In the complaint, the Division alleged:

  • Although Yellowstone’s merchant agreements were presented to consumers as MCA contracts, the merchant agreements included numerous terms and conditions that made them substantially less favorable to consumers than typical MCA contracts.
  • Yellowstone’s merchant agreements obligated consumers to pay a fixed amount subject to interest, over a defined period, untethered from the consumers’ receivables, just as the consumers would be obligated to repay a traditional loan, but without the legal protections (such as interest rate caps) afforded to loan borrowers.
  • Yellowstone’s MCAs compelled consumers to execute additional documents that not only obligated the small business owners to personally guarantee repayment of the loans, but also made it exceedingly simple for Yellowstone to obtain a consent judgment against and/or to freeze and seize the assets of not only the small business, but the small business owner.

Yellowstone denied all allegations in the consent order. However, this is not the first settlement Yellowstone has entered into regarding allegations of unfair lending. On May 4, 2021, the Federal Trade Commission announced that Yellowstone would pay more than $9.8 million in restitution to settle allegations that it took money from businesses’ bank accounts without permission and deceived them about the amount of financing they would receive, net of inadequately disclosed fees, and other features of its financing products. Specifically, the FTC alleged that Yellowstone continued withdrawing money from businesses’ bank accounts for days after their balance had been satisfied.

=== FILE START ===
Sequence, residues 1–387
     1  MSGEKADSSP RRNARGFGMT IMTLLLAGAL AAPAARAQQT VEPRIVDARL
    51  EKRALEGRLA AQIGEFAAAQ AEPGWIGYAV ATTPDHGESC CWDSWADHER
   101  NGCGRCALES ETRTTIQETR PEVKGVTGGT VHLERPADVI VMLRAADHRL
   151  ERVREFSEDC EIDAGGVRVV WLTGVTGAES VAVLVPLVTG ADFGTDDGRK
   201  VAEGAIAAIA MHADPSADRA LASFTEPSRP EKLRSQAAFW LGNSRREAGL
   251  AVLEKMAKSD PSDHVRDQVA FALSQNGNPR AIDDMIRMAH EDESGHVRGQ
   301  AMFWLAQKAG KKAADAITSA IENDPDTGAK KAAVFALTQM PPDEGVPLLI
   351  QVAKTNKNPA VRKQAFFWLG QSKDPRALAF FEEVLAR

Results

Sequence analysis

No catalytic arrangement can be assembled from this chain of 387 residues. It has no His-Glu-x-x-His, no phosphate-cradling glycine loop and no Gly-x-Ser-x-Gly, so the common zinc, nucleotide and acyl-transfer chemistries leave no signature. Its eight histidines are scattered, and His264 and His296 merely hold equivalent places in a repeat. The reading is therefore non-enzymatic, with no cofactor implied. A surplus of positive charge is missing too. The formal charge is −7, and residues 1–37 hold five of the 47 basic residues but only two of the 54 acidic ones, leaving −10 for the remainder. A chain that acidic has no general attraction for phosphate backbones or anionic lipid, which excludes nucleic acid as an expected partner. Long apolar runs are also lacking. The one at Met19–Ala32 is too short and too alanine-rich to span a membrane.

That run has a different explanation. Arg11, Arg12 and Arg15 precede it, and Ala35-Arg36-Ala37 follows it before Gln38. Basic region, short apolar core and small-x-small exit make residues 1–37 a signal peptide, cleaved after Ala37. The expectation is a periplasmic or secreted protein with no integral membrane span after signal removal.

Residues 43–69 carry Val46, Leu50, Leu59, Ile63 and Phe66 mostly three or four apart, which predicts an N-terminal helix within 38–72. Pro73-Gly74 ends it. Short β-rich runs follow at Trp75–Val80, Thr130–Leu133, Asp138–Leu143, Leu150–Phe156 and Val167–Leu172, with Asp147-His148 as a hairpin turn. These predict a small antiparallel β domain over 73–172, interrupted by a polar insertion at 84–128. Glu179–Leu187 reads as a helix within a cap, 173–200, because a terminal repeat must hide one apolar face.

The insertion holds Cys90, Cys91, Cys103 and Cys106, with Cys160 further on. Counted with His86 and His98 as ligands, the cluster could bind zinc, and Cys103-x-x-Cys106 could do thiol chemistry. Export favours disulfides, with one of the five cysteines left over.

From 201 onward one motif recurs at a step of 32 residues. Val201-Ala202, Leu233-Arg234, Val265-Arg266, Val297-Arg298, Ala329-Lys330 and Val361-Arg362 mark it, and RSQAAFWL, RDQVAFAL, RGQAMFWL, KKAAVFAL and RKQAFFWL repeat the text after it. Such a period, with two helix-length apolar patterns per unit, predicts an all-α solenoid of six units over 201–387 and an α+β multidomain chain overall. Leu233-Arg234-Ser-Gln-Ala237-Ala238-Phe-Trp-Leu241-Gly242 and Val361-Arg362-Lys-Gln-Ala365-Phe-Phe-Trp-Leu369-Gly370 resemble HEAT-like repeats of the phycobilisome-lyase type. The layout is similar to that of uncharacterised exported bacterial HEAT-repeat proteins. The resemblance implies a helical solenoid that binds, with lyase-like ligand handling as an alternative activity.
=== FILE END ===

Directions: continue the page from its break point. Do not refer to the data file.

This action by the New Jersey Attorney General constitutes a continuation of the office’s policy goal of addressing alleged usurious lending, particularly when such practices are asserted to disproportionately affect New Jersey’s lower-income and minority communities. For example, the New Jersey Bureau of Securities issued a Cease and Desist Order to another MCA company, Complete Business Solutions Group, for violating New Jersey securities law by offering and selling unregistered securities to purportedly raise capital to fund MCAs to small businesses.

Additional state attorneys general have scrutinized the use of MCA companies issuing short-term, high-cost funding for small businesses. Dating back to 2018, the New York Attorney General opened an industrywide investigation into MCA companies, which resulted in a report that a subpoena was sent to Yellowstone and the 2020 lawsuit against New York-based Richmond Capital Group.

We will continue to watch the states attorneys general activity with regard to MCAs and alleged usurious lending, and we will post updates here as they occur.